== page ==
“Why do we have three separate meetings to go over the same spreadsheet?” said a colleague a few years back, mid-meeting. He had a point: we had three of the same weekly status meeting, whose purpose in each case was to read through that spreadsheet. Half the attendees were lost in their laptops. I was paying attention, but only because there were so many people in the room that we’d run out of chairs.
Sound familiar? How about the one where we can’t figure out what to talk about in the recurring meeting, so we make up topics? Or the secret ad-hoc meeting to accomplish whatever we know we’re not going to get done in the real meeting? Or maybe the “alignment” meeting where the VP tells us his plan, ignores our input, and then says, “Great meeting, guys!”
I’ve spent the last twenty years in tech—as a designer, a product manager, a people manager, a founder, and an executive. For much of that, I’ve focused on communication and collaboration tools, from personal to-do list apps to productivity startups to behemoths like Gmail. I didn’t set out to specialize—indeed, my last role was a much-needed break from this space—but I find myself inexorably drawn to it.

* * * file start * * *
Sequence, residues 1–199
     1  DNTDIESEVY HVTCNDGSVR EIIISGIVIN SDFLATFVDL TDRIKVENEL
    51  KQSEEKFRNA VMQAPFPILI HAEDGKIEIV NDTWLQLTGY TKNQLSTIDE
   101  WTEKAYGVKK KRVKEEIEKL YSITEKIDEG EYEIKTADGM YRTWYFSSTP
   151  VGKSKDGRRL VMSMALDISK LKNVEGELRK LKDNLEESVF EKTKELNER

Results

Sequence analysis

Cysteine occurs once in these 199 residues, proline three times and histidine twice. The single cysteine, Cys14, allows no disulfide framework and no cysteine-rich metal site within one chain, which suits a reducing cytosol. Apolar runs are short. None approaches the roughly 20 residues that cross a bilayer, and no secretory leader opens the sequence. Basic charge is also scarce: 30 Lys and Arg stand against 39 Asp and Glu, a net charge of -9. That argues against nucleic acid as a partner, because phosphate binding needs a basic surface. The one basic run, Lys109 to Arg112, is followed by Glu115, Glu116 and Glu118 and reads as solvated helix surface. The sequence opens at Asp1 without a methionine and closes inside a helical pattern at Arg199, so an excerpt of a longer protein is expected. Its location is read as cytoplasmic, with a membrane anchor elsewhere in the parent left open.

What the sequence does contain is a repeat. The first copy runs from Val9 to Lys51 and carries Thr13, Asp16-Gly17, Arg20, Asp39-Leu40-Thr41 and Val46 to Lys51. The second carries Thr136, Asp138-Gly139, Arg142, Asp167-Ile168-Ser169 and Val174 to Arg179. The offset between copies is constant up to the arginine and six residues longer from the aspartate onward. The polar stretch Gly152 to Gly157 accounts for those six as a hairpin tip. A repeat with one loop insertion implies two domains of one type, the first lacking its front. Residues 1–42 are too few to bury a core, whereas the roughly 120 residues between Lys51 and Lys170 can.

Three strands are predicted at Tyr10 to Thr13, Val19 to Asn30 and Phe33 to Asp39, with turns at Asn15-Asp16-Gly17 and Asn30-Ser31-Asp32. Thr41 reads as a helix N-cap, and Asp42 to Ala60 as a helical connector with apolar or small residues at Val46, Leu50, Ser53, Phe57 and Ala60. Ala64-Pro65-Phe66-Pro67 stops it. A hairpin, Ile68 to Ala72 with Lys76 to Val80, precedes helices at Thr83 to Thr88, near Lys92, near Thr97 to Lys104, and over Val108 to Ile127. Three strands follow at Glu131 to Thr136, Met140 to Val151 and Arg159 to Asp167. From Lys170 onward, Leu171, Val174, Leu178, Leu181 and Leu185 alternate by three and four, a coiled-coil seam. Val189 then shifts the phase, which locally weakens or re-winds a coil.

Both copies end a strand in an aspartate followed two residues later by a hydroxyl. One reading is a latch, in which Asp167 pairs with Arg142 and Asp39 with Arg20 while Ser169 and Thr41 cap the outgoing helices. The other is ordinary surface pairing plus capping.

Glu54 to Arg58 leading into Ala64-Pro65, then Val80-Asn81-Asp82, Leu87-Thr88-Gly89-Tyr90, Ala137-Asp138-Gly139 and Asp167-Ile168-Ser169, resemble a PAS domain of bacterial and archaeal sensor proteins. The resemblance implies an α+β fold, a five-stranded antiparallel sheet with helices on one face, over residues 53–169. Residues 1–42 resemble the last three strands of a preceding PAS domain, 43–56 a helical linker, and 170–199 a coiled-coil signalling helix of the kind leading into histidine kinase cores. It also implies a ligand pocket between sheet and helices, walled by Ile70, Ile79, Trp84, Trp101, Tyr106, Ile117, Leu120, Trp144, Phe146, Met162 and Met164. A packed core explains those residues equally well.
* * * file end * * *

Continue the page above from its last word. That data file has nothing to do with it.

Why? My reasons have changed over the course of my career—and, to some extent, with the evolution of product design itself. At first, it was about organizing and finding information: with thousands upon thousands of emails, how do you slice through the clutter to get at what matters? But the more projects I did, the clearer it became that the biggest, most challenging problems aren’t about the information. They’re about the people—organic, irrational humans and the relationships they form. And the more I learned about people and their quirks, the more excited I became about tackling those problems.
The turning point, for me, was a deceptively simple project: a to-do app called Stky that I designed and built back in 2012. Its fundamental insight: productivity isn’t about how much you get done; it’s about whether you feel a sense of control over your life. If you can keep your job, pay your bills, and feel good about everything without ever checking off a single to-do, that’s fine! Designing a great productivity tool requires, first and foremost, attention to psychology. And that’s even before it becomes collaborative; once it does, you’re dealing with group psychology and questions of organizational behavior.
It would be naive to suggest that software determines organizational culture—but surely it contributes. Give one team Slack and another Gmail, and you’ll end up with different communication norms, both online and off. So as developers, we can’t create culture but we can influence it, for good or for ill.
Slack (like email before it) has changed the nature of our professional relationships, just as Facebook has changed our personal ones. Google Docs has changed the cadence of workplace collaboration. Shared calendars have altered how we schedule things, right down to our expectations of what’s polite, impolite, and interruptive.